Henna: Healthy Hair Color
*See my One Year Update Video at the bottom!
After 10 years of using chemical hair dyes to cover gray roots, I decided to switch to henna. With all the evil chemicals in hair dyes it makes sense to use a plant-based product instead. I tried a ‘natural’ hair dye from the health food store a few years ago but it made my hair feel like crispy straw. It listed lots of chemicals in the ingredients and I suspect it was anything but natural. Henna, however, is straight-up plant material with no nasty laboratory synthesized ingredients. Also, henna conditions the hair rather than damaging it.
Everything I’d heard about henna in the past pointed to it resulting in flaming red hair. Not that there is anything wrong with red. It just doesn’t suit my complexion and I was a little leery of trying it.
My hair is a medium to dark neutral brown and I want to keep it that way. So I did a whole bunch of internet research and found a product that uses henna and other plant dyes (and no other ingredients) to create varying shades of brown and COVERS GRAY and doesn’t require me to do color experiments.
To begin my henna journey, I picked up a packet of Light Mountain Natural Hair Color (this one doesn’t cover gray) at the local health food store. It comes in lots of colors from light red through to shades of brown and up to black. The trick to getting various shades is in the ratio of henna (for reds) to the other plant dyes which include indigo (for black) and senna (for light browns). Light Mountain products come premixed for specific shades. I chose Dark Brown. The results were great! It made my hair dark brown. However, because this product doesn’t cover grey, I was left with lots of very shiny silver roots.
Light Mountain’s gray covering product, Color the Gray, isn’t sold locally, so I ordered it online. It took time to ship so meanwhile I made another application of Dark Brown (I had only used half the package) to my roots and left it on for an hour – it gave a little bit more gray coverage but some stubborn silver remained.
Without further ado, here are the facts about my “Journey Into the World of Henna”…
Subject: 46-year-old female
Hair status: Baby fine, naturally curly/wavy texture, chin length bob. Starting to get dryer (whether from age or from chemicals is unknown).
Hair history: Final chemical hair dye application November 1
Applications of Light Mountain Natural Hair Color in Dark Brown: December 10 (waited 4-6 weeks after last application of chemical hair dye as recommended) and January 2
Application of Light Mountain Color the Gray: January 11
It took about 4.5 hours total for the Color the Gray procedure – including 2 showers and cleanup. As with all natural methods it takes longer than any procedures that use chemicals for convenience.
After reading a number of reviews of Color the Gray on Amazon, I choose to leave the product on longer than the instructions recommend – a lot of reviewers said they got better results this way. I also left the mixed products to cure longer than recommended. Its important to follow all the other directions correctly, such as never to use metal bowls, utensils, or hair pins because metal may cause the product to turn your hair green. An allergy test and a strand test are also recommended.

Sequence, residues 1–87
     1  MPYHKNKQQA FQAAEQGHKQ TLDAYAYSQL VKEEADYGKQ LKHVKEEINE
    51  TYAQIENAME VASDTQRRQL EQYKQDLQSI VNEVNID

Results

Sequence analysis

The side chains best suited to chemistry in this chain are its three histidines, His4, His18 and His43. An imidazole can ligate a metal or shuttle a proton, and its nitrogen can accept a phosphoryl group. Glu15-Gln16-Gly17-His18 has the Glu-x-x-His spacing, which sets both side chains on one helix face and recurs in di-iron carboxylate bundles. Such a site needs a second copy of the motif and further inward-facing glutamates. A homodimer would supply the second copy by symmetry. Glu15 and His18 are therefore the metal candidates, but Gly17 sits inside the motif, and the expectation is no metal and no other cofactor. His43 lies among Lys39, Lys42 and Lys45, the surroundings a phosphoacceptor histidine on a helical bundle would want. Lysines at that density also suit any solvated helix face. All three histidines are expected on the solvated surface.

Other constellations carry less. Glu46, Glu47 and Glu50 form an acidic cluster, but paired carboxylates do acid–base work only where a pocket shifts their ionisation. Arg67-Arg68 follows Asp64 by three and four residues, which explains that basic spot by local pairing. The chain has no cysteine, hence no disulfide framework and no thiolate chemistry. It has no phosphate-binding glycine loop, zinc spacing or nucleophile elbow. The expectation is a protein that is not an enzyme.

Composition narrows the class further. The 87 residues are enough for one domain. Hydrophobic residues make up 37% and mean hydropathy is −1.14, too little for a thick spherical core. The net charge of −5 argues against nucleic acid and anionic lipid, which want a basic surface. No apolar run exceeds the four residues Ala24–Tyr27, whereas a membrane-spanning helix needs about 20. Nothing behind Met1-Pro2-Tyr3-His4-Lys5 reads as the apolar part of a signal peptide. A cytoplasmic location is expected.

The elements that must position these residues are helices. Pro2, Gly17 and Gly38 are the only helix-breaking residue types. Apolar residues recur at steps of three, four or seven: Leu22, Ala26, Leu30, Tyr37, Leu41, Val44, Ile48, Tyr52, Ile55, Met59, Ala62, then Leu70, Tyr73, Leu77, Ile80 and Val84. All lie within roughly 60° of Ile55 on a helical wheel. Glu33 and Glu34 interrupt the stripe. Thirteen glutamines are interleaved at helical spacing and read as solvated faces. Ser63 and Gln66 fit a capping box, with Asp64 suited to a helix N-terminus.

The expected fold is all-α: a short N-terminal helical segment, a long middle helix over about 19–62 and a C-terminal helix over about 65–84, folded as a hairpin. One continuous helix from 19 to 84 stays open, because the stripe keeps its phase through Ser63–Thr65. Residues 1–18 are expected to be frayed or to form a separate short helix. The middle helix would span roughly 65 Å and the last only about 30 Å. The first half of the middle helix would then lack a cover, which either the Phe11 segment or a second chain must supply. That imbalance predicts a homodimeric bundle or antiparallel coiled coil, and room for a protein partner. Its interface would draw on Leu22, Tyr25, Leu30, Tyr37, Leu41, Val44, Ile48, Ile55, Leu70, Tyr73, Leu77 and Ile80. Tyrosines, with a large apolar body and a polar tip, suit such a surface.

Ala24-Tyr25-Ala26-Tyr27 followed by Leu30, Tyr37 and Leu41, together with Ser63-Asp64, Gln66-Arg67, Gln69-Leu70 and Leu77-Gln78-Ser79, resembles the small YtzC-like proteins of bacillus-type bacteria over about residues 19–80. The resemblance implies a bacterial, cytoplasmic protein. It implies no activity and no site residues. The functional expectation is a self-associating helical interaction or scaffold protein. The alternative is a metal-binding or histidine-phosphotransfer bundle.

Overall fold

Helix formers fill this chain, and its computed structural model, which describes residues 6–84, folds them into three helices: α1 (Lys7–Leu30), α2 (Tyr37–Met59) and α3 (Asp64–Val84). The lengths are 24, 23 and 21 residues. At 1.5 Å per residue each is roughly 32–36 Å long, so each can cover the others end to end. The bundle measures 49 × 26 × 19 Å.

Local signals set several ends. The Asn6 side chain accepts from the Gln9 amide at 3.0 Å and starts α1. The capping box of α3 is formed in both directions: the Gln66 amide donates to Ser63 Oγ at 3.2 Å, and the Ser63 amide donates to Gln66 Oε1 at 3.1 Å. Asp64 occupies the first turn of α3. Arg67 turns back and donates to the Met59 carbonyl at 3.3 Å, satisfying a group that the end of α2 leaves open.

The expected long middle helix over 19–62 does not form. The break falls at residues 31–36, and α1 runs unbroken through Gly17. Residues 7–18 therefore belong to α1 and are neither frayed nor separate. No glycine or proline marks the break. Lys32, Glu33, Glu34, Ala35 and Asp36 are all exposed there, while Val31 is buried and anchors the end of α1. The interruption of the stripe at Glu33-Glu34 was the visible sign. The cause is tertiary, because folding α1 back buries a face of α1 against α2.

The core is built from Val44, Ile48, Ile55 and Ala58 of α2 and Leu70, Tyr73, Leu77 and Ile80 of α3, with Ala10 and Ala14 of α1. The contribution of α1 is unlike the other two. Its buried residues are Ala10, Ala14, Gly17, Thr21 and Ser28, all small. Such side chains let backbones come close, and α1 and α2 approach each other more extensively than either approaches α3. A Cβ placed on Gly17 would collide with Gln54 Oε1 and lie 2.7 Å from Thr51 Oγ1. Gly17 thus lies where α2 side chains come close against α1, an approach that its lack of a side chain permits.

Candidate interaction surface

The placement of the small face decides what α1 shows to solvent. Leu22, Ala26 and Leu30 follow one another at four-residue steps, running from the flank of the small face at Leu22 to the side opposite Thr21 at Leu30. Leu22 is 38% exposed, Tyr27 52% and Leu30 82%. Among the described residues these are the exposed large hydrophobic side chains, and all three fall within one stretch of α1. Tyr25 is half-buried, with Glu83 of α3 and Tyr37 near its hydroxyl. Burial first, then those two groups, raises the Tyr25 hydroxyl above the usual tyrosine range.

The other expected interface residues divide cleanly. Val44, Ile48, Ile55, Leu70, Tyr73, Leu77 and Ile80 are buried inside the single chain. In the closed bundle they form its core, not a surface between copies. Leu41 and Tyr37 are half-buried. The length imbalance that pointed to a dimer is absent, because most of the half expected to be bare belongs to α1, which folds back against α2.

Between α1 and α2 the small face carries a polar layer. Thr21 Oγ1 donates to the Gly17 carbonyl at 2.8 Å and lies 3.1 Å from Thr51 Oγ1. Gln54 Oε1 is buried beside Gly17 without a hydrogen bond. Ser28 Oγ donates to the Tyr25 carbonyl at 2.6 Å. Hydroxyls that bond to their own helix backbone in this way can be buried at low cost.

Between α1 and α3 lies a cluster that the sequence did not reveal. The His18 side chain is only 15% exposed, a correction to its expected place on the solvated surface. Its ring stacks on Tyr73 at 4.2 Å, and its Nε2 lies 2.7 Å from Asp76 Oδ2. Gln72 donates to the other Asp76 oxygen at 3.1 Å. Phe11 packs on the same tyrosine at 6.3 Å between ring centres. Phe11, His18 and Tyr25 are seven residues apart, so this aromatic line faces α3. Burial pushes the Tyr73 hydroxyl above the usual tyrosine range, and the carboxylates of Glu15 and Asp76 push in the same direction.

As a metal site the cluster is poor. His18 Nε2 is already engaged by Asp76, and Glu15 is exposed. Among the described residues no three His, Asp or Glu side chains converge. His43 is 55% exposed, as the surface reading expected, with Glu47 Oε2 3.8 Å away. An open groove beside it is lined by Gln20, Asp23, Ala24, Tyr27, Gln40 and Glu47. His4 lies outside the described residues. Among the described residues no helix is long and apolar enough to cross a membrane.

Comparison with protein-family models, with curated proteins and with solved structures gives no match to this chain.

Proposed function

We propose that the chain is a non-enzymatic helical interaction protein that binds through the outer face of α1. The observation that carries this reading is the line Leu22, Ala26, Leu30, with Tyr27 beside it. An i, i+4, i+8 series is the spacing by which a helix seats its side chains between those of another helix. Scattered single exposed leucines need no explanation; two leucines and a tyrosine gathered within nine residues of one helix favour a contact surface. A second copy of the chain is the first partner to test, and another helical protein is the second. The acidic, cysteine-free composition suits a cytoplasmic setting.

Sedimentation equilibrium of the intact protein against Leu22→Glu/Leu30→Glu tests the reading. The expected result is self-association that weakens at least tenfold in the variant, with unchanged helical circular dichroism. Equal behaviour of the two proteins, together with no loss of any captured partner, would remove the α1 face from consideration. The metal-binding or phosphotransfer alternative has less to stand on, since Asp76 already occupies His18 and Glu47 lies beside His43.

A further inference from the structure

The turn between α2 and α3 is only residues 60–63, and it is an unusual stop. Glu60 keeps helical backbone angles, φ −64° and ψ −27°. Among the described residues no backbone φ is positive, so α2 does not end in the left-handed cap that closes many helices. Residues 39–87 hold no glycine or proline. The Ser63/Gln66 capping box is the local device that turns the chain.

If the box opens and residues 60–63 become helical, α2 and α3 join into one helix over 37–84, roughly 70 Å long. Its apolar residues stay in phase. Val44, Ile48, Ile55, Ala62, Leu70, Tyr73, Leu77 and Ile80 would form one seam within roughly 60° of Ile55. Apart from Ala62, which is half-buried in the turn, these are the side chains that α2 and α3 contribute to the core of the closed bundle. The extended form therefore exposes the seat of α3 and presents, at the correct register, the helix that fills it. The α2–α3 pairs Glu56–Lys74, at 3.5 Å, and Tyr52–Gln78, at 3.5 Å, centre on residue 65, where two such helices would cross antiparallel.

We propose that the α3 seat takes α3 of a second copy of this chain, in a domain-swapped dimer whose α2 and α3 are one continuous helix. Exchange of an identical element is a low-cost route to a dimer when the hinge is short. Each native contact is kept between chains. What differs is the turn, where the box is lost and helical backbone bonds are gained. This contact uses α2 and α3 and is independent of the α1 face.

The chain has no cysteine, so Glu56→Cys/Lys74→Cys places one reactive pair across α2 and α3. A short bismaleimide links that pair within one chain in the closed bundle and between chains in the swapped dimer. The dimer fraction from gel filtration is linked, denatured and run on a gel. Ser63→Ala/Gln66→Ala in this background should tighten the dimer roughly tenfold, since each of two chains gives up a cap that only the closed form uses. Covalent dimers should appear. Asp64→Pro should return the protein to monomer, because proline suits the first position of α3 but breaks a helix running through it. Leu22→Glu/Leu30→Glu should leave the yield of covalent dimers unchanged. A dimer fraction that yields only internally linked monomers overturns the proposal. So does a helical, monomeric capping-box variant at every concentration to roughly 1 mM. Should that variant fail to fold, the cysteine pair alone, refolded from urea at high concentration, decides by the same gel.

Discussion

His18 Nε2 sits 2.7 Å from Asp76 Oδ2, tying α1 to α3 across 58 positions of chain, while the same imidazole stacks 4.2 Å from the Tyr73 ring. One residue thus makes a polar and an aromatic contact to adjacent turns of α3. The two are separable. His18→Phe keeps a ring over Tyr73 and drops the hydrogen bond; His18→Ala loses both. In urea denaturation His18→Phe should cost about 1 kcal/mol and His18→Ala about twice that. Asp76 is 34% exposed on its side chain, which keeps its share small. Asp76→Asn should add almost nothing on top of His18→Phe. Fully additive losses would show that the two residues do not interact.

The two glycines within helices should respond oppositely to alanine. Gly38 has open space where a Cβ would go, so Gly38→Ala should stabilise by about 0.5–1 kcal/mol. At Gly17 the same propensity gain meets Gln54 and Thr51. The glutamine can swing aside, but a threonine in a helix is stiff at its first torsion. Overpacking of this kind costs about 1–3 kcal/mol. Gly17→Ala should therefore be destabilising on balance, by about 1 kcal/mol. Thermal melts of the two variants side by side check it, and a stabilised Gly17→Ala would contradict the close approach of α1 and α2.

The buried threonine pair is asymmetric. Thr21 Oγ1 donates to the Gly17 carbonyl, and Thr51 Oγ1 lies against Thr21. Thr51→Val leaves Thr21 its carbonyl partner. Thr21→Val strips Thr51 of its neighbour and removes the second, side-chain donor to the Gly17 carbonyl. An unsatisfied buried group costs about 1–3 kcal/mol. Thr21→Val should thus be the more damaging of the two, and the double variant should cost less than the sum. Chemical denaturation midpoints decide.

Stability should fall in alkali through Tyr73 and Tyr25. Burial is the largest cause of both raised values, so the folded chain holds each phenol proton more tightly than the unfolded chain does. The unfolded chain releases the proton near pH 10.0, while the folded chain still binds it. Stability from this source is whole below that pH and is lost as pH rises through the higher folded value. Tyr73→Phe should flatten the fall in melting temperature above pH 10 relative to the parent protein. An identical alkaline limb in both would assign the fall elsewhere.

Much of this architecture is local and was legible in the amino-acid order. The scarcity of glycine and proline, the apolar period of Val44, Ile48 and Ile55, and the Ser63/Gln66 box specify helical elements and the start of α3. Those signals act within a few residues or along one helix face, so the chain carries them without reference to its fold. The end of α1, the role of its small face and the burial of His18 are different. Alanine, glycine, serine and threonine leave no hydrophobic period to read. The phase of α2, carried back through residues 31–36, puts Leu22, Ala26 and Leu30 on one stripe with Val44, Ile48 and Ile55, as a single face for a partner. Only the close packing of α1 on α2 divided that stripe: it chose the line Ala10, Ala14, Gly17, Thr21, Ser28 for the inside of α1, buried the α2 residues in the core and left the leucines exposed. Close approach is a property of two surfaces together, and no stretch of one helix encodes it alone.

First I mixed the henna powder with water and left it for 1 hour. Then after mixing the henna I mixed the indigo powder right away and it was left to cure in the bowl for about 2.5 hours while I applied then rinsed out the henna.
Covering the gray is a 2 step process: 1) apply henna, rinse 2) apply indigo, rinse. The henna adheres to the gray hair then the indigo adheres to the henna. The company recommends leaving the henna on for 5-15 minutes. I left it on for 45 minutes. Its okay to leave henna on a long time because it smooths out the hair cuticle rather than burning it out with chemicals. Then after rinsing out the henna I applied the indigo and left it for 45 minutes.
Some people have complained that henna is messy and it stains your house and your skin. I didn’t find it that messy. I put the product in a plastic mustard bottle, parted a small section of hair at a time with a comb, squeezed a line of henna in the part, mashed the henna into the hair on both sides of the part, and went all around my head this way until the roots were all done. Then I applied henna to the rest of my hair and mashed it around to get complete coverage. The same method was used with the indigo. I wore gloves and an old t-shirt. Drips were wiped off my skin and the floor right away to prevent staining. Both products take a while to rinse out but conditioner helps with that by giving it a ‘slip-factor’. Some of the ‘grit’ splashed around the shower but it rinses right off.
Some have complained about the smell of henna. However, IMHO, the smell is better than eye-burning chemicals. Its reminiscent of wheat-grass juice or wet grass rotting in the sun. The indigo smells kind of smoky.
I’d highly recommend that anyone considering this product go on Amazon and read lots of reviews so you’ll get an idea of others’ experiences and learn from their tips and tricks. This video on Youtube shows results for a light brown color: http://www.youtube.com/watch?v=fUL4UkeDwwM
Henna is a keeper for me. No more chemical dyes. These products left my hair feeling soft and after the third application of henna, my hair is more glossy. Hopefully, my hair condition will continue to improve with each use. Meanwhile, I feel better about what I’m rinsing down the drain and into the eco-system.
One Year Update, January 2015
Its been a year since I made the switch. See my results in the video below.
*Disclosure: If you click on the product name in this post it will take you to my Amazon store. I get a percentage of any sales generated by click-throughs.
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